Low-Range and High-Range Four-Wheel Drive
Some four-wheel-drive systems come with low- and high-range shifters. Low-range four-wheel drive is best for the heaviest off-road challenges. These include traversing deep sand or mud, crawling over rocks and small boulders, fording creeks and shallow points in rivers, and handling the steepest and most daunting off-road trails.
When you see competitive drivers running through off-road courses, you’re seeing low-range four-wheel-drive in action. In this mode, the wheels turn more slowly, generally while the vehicle is moving at or below 40 mph. This speed limitation greatly decreases the chances of slips or hard rolls as your four-wheel-drive vehicle moves over difficult terrain. The steering wheel will turn more slowly in this mode.
High-range, four-wheel drive is ideal for off-road situations that require greater speed, such as during mud-riding, off-road racing, and easier-to-handle off-road conditions. If you’re on a paved road, you should always have your four-wheel-drive drivetrain switched into high range mode. This will greatly decrease the power and fuel demands of your drivetrain, extending your vehicle’s operating range. Some drivers may be tempted to switch to low range for increased on-road traction, but the tradeoff generally isn’t worth it. Four-wheel-drive vehicles without a low- to high-range toggle are generally set to high range continuously.
All-wheel drive just can’t do the work of a four-wheel-drive system off-road. It also tacks on a price increase to the vehicle’s overall cost, but the tradeoff is more than worth it for city drivers and country drivers who stay on-road. All-wheel drive drains fuel more quickly, so go with a system that only turns it on when it is needed if you can. Four-wheel-drive vehicles generally have much stiffer handling than all-wheel-drive systems, but this is as much of an edge off-road as it is a disadvantage on-road.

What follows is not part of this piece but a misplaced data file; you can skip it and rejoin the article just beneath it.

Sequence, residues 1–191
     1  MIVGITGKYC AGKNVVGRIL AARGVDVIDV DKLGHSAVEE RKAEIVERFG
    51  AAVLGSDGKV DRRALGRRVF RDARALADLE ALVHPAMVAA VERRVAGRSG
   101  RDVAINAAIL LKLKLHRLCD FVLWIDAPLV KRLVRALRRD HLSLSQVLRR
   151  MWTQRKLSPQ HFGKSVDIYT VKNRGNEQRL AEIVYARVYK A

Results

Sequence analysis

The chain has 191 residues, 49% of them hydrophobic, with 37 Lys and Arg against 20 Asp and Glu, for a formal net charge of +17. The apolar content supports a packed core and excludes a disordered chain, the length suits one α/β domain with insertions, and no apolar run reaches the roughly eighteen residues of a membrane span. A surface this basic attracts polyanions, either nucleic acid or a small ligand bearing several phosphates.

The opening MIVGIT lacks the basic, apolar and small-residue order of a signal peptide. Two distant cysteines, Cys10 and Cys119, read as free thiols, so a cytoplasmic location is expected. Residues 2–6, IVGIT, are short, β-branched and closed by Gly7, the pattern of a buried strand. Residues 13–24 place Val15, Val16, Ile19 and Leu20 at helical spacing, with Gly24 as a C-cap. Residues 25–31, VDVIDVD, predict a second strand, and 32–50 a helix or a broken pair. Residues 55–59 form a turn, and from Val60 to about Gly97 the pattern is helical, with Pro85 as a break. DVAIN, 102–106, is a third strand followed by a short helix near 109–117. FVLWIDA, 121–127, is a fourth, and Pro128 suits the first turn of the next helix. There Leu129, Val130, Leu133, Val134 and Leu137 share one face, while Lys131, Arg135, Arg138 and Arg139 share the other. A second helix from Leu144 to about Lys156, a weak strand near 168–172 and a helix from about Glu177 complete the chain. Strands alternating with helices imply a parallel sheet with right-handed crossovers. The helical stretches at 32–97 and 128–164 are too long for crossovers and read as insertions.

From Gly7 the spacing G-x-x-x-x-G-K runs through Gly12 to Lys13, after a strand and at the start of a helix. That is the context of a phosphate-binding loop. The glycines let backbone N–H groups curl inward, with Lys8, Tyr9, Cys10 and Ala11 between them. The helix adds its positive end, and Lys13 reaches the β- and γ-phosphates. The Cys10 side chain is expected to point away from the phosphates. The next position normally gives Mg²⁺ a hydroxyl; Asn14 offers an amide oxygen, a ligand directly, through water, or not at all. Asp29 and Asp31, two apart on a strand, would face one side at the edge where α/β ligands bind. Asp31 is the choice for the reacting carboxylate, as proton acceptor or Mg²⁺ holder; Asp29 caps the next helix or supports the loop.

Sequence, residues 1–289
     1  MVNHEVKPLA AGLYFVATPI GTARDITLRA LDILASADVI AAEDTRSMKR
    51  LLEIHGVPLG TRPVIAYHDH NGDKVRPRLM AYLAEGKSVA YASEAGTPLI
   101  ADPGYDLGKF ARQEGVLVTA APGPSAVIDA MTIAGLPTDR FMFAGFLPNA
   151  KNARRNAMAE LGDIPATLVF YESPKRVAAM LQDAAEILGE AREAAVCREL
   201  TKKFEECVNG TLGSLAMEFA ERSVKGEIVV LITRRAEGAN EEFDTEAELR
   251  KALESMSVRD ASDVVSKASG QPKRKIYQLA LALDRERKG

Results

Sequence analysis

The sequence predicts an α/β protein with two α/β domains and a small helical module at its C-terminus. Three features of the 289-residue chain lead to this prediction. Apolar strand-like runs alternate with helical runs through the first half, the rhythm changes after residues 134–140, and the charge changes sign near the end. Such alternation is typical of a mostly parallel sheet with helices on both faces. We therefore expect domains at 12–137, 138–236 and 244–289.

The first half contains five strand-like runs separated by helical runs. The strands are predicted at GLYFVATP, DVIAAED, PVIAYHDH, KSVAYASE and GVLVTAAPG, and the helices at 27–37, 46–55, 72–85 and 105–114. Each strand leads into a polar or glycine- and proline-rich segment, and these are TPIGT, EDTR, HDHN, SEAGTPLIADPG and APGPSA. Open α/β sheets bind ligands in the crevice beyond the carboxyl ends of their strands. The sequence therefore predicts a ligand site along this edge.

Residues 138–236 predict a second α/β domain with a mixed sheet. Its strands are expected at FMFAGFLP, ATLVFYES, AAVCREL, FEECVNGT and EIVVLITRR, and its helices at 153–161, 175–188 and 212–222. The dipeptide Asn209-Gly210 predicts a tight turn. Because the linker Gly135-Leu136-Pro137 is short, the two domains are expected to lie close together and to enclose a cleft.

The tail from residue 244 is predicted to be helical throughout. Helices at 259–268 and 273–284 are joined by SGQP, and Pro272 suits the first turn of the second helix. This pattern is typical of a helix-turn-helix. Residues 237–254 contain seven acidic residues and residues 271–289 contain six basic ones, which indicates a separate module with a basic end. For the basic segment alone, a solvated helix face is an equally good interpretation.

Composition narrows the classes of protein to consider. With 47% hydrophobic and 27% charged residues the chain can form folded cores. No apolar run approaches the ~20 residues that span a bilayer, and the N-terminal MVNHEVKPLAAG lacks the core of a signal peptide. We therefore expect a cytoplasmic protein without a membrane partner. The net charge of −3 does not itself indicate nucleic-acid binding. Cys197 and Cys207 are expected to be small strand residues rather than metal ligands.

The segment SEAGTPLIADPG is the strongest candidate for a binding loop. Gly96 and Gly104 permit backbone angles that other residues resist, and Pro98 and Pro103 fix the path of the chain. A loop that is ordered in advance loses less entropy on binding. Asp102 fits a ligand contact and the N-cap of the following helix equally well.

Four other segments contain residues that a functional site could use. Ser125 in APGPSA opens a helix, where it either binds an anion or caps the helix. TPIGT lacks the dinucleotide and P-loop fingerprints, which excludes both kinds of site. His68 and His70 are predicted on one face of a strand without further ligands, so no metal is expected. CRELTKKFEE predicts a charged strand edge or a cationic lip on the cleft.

All-wheel-drive drivetrains and four-wheel-drive drivetrains add from $1,000 to $3,000 to vehicle price, with the higher-end luxury vehicles sporting the more expensive drivetrains. This variation tends to be quite warranted since the luxury-format drivetrains have longer life spans due to more durable parts.
What Hyundai Vehicles Come With Each Drivetrain?
Hyundai currently offers six models with all-wheel drive. The Hyundai Kona is available with all-wheel drive at every trim level. The Hyundai Tucson is also available with all-wheel drive at every trim level. The Hyundai Santa Fe starts out with two-wheel drive, but all-wheel drive is available at higher trims. This holds true with the electric and plug-in versions of the Santa Fe as well. The Hyundai Palisade starts with front-wheel drive at all trim levels, but all-wheel drive can be added at any trim level. Finally, the Hyundai Ioniq is all-wheel drive at all trim levels. The diesel version of the Hyundai Tucson comes with four-wheel drive.
There you have it: a complete breakdown of all-wheel drive and four-wheel drive, with the advantages, disadvantages, and available Hyundai vehicles included. For more information on these drive systems and the Hyundai vehicles that use them, contact the experts at Spokane Hyundai in Spokane, Washington. They’ll show you through their expansive inventory to the ideal vehicle for you.